Digging for Fire (B-). I enjoyed director Joe Swanberg’s film Drinking Buddies, which was a low-key movie about a couple of nice single people who liked each other but couldn’t figure out how to, or whether they should, date. (It didn’t hurt that Olivia Wilde (Cowboys & Aliens) was one of the two stars.) Now Swanberg is back with another low-key movie, but this one is about a married couple negotiating their graduation into middle age, an event made manifest by their three-year-old son Jude. Tim (Jake Johnson, Jurassic World) and Lee (Rosemarie DeWitt, Rachel Getting Married) aren’t exactly unhappy, but their marriage is clearly a little frayed. While they are house-sitting for one of Lee’s (much wealthier) clients, Tim discovers a rusty old revolver and what might be a human bone on the property. Uninterested, Lee takes off to spend the weekend with her parents (Judith Light, TV’s Who’s the Boss, and Sam Elliott, The Hero), leaving Tim to do the couple’s taxes. Instead, he invites some of his drinking buddies over (such as Sam Rockwell, Moon, as the Really Loud, Obnoxious Friend) to help him dig in the dirt, and they in turn invite a couple of ladies over (Brie Larson, Trainwreck, and Anna Kendrick, Pitch Perfect). Off on her own adventure, whom should Lee encounter but a nice fellow named Ben who looks just like Orlando Bloom (The Hobbit: The Battle of Five Armies). It’s kind of a loose, shaggy movie, but obviously it has an impressive cast, and it did make me want to see what would happen and what the weekend’s repercussions would be for Tim and Lee and Jude.
The Last Five Years (C). If this little musical actually played in any theaters in Dallas, I totally missed it. But I read a rave review in The Weekly Standard, and so when I saw the DVD on sale at Target I snapped it up. It didn’t hurt that it stars Anna Kendrick (Up in the Air). It’s based on an off-Broadway show, and it is the story of the romantic journey of Jamie (Jeremy Jordan, TV’s Smash) and Cathy (Kendrick). I’m not giving anything away by revealing that there’s a gimmick: the characters alternate singing songs about their story, but Cathy starts at the end, and Jamie starts at the beginning. So we know from the very first scene how it ends: Jamie takes off, and Cathy is heartbroken. Knowing the destination, how much did I enjoy the ride? Eh, decently well. On the plus side, the performers were good, and Kendrick in particularly gives it her all. A few of the songs are catchy, and the movie moves along briskly, wrapping up in 94 minutes. On the other hand, many of the songs are kind of generic, and the story moves so fast I didn’t feel like I got to know the characters very well. If you like musicals, I say give it a try and see what you think.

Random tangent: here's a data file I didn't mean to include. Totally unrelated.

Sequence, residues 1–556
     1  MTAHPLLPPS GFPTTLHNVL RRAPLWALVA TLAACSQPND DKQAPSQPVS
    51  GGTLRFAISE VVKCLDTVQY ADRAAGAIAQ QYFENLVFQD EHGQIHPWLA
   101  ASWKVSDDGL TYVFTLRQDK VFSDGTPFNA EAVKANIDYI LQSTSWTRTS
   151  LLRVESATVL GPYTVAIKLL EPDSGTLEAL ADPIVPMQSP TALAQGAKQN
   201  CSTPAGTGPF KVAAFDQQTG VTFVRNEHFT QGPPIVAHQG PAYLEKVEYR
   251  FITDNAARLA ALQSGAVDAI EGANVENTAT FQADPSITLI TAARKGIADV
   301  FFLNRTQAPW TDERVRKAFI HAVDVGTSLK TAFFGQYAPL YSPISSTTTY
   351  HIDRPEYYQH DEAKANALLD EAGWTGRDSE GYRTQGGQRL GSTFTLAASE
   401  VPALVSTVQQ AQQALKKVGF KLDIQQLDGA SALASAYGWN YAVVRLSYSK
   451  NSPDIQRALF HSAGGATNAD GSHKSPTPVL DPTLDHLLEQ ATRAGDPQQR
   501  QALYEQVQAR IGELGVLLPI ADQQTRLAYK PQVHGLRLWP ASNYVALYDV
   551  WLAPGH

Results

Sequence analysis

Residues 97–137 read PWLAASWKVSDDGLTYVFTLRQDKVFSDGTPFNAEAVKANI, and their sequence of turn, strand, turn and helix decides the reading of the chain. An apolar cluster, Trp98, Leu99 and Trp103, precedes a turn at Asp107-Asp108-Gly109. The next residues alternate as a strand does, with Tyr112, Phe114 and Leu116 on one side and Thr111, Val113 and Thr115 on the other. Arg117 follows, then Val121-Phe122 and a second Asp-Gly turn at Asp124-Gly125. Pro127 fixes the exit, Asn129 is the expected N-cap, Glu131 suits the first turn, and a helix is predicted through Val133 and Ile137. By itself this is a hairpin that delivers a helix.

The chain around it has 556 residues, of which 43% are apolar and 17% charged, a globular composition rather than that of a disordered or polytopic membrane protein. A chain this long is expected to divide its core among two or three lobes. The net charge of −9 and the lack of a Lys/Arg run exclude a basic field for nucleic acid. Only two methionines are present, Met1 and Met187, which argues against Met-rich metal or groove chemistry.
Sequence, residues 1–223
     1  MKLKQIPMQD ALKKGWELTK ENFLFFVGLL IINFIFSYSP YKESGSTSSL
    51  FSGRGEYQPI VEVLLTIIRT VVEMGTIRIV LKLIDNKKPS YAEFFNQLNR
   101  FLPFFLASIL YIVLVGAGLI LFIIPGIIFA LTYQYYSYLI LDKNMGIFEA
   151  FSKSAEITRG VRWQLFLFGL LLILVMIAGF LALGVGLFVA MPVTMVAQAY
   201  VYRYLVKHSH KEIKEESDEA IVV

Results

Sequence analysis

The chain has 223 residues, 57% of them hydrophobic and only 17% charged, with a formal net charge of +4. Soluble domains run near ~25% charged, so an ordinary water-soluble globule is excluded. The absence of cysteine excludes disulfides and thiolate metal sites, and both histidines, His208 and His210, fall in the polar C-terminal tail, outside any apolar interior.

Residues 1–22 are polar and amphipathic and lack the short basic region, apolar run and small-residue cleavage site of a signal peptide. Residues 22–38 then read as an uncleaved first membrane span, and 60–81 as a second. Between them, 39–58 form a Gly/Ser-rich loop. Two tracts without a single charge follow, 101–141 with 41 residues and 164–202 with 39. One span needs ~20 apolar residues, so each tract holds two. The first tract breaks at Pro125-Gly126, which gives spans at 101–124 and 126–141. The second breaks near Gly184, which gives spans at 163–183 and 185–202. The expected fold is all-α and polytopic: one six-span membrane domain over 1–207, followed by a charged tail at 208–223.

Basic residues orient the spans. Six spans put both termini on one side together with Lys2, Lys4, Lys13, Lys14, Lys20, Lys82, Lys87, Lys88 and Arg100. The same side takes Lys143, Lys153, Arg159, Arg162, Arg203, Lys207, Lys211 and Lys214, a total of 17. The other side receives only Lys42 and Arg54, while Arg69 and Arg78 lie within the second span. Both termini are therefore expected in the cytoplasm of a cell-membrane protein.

Pitch Perfect 2 (B-). Second verse—same as the first! Anna Kendrick (Into the Woods) returns as Beca, a leading member of the national-championship-winning Barden Bellas. (That’s a college a capella singing group, in case you missed the first one.) A wardrobe malfunction during a performance attended by President Obama gets the Bellas suspended from stateside competitions, and their only shot at redemption is to win the world championship. You can guess at the trials and tribulations that pad out the movie. And I do mean “pad”; at 115 minutes, the film suffers from several long dead spots. And, like the original, it is unnecessarily vulgar—especially in scenes involving Fat Amy (Rebel Wilson, Bridesmaids). But there are also several chuckles to be had, and the elaborate musical numbers are pretty entertaining. Although most of the Bellas graduate from college during this installment, new freshman member Emily (Hailee Steinfeld, The Homesman) can provide a bridge to future sequels if Pitch Perfect 2turns out to be an artistic triumph makes a ton of money. Elizabeth Banks (Our Idiot Brother) both appears and makes her feature-film directorial debut.